In my previous article, I introduced the importance of the Pilgrims, and shared a little bit of my own heart for my Thanksgiving, and my interest in studying and teaching on the Pilgrims.
This time, we will consider the first three of five essential lessons that we can learn from the Thanksgiving Pilgrims.
The Pilgrims vividly portray the pilgrim-like nature of the Christian life (Heb. 11:13; 1 Pet. 2:11, 12).
This is, of course, the truth for which the Pilgrims have been named, since they lived it out so completely in their spiritual lives. The Pilgrims left all they had in order to seek a place where they might worship God freely and witness for Him fruitfully. Their journeys took them from their homes in Scrooby, England, to Amsterdam and Leyden in Holland, then ultimately across the stormy ocean to this New World.
The Bible admonishes all believers to think of this life with the mindset of a pilgrim, a stranger in the world, a foreigner among the nations of people whose interests are centered upon this earth (Phil 3:20).
As Christians, we are the ambassadors of another kingdom (2 Cor. 5:20); therefore, we do not plant our roots too deeply here. We must not be like the earth-dwellers who are spoken of in Rev. 3:10; 6:10; 8:13; 11:10; 13:8, 12, 14; 14:6 and 17:8. Instead, we realize that at any instant we might be gloriously transported from earth to Heaven. Until that day, we follow the Lord wherever He leads in order to accomplish His will.
The Pilgrims earned their title by being willing to circle the globe in order to serve God more perfectly. Do we have that same mentality in the 21st century? Do we appreciate and use the religious liberty for which they so desperately longed?
And, as such religious liberty appears to be on the wane in our time, will we learn the lessons that the Pilgrims have to teach us about living in “such a time as this” (Esth. 4:14)?
As pilgrims we must be willing to follow the Lord wherever He calls us.
The Pilgrims demonstrate the value and potential of a small church (Rev. 3:8).
So often in this day of mega-churches and church growth principles, the small church feels left out, as if its value is limited and its service unimportant. Thus, the Pilgrim example should be encouraging to many. The Pilgrim Church (yes, the Pilgrims were part of one single congregation) demonstrates for all time that a very small church may have a very vibrant and vital ministry.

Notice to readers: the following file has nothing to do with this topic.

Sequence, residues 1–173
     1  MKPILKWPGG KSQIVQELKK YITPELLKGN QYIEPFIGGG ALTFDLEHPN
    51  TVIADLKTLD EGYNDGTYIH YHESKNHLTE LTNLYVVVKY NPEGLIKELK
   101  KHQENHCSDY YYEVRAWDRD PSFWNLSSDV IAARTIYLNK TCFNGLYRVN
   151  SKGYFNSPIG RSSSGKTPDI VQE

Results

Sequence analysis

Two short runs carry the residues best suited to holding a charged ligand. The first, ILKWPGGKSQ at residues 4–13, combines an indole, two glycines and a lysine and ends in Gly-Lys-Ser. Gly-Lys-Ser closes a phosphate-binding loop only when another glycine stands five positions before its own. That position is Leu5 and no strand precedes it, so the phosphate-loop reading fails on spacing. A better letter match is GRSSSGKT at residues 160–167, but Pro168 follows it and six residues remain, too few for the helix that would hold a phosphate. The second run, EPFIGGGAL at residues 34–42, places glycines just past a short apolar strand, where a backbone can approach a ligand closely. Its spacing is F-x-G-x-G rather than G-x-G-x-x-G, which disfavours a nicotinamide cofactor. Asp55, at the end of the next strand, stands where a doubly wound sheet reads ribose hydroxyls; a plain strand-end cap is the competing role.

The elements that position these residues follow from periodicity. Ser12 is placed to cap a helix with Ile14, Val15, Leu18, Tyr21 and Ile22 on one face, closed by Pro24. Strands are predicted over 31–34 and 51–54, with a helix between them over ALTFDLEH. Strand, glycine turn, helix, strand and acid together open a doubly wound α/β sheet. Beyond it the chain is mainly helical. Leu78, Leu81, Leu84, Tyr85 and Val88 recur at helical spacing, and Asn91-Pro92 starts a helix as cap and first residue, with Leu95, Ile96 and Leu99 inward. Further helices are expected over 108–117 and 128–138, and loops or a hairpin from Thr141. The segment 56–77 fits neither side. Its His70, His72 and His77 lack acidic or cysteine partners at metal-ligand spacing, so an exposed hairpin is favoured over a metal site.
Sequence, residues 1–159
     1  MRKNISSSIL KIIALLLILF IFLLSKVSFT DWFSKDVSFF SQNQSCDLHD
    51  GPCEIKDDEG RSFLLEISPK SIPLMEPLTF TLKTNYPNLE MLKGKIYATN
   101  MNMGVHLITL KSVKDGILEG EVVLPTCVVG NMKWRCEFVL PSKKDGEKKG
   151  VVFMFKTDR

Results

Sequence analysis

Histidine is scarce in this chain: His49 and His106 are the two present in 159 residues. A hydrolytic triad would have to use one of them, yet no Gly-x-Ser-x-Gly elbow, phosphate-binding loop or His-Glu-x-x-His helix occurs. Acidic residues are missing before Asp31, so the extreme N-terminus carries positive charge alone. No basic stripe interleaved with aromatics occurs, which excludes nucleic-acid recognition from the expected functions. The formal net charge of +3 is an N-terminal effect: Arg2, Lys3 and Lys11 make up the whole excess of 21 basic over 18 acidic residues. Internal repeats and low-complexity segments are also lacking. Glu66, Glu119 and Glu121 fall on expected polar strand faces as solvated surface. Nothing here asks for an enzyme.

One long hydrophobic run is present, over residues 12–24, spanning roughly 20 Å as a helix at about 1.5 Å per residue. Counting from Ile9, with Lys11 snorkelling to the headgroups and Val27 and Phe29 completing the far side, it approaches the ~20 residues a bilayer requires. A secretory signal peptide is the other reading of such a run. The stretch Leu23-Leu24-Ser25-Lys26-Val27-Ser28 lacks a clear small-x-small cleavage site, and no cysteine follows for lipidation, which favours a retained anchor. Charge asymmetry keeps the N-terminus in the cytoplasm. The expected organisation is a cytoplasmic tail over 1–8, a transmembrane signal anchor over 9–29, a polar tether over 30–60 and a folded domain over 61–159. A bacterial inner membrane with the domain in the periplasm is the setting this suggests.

The post-exilic prophet Zechariah asked: “Who has despised the day of small things?” (Zech. 4:10). History resounds with the cry that none dare despise these Pilgrims.
The Pilgrim Church began from nothing in 1606. It started as a bold idea among a handful of God’s servants who continuously placed purity over popularity and consecration over comfort. God blessed their work and caused the congregation to grow to include about 300 people in Leyden, but the number that came over to Plymouth was only 35.
Yet God used that small band to form the beginning of this nation—while they meanwhile became its first great evangelical missionaries! There is no limit to what God can do through those who trust Him as completely as the Pilgrims did—no matter how small their numbers, or how great the odds against them.
The Pilgrims display the faithfulness of God to His people (Phil 1:6).
God has a plan and purpose for history, and this includes a plan and purpose for each individual who knows Him. The Bible tells us that God “works all things according to the counsel of His will” (Eph. 1:11), and He graciously chooses to use us to fulfill His plan. Thus, until His plan is accomplished in and through us, He will be faithful to us.
God allowed the Pilgrims to suffer numerous trials as they fled persecution in Europe and sailed the Atlantic to come to the New World, but even in those times He gave evidence of His faithfulness to them. (For instance, while they were crossing the ocean, the Mayflower crew famously used a large screw—probably a piece of a printing press—to secure a cracked beam and save their entire journey.)
The Lord worked out His plan in their lives and used them to lay the foundation for this great nation. He allowed them to have influence in the civil realm as well as in the theological and spiritual realms.
As Gov. William Bradford wrote in Of Plymouth Plantation:
A great hope and inward zeal they had of laying some good foundation, or at least to make some way thereunto, for the propagating and advancing the gospel of the kingdom of Christ in those remote parts of the world.
God was faithful to show His love for us in the sacrifice of Christ on the cross, and He is ever faithful to continually guide His people through all things. Like trailblazers before us, the Pilgrims show us the way to trust Him in unusually difficult circumstances.
May God help us to emulate these great characteristics that we see so clearly in the Thanksgiving Pilgrims.
We will consider the final two lessons in the next installment.
Scripture taken from the New King James Version®. Copyright © 1982 by Thomas Nelson. Used by permission. All rights reserved.
Paul J. Scharf (M.A., M.Div., Faith Baptist Theological Seminary) is a church ministries representative for The Friends of Israel Gospel Ministry, serving in the midwest. He also assists Whitcomb Ministries and writes for “Answers” Magazine and Regular Baptist Press. For more information on his ministry, visit foi.org/scharf or email email@example.com.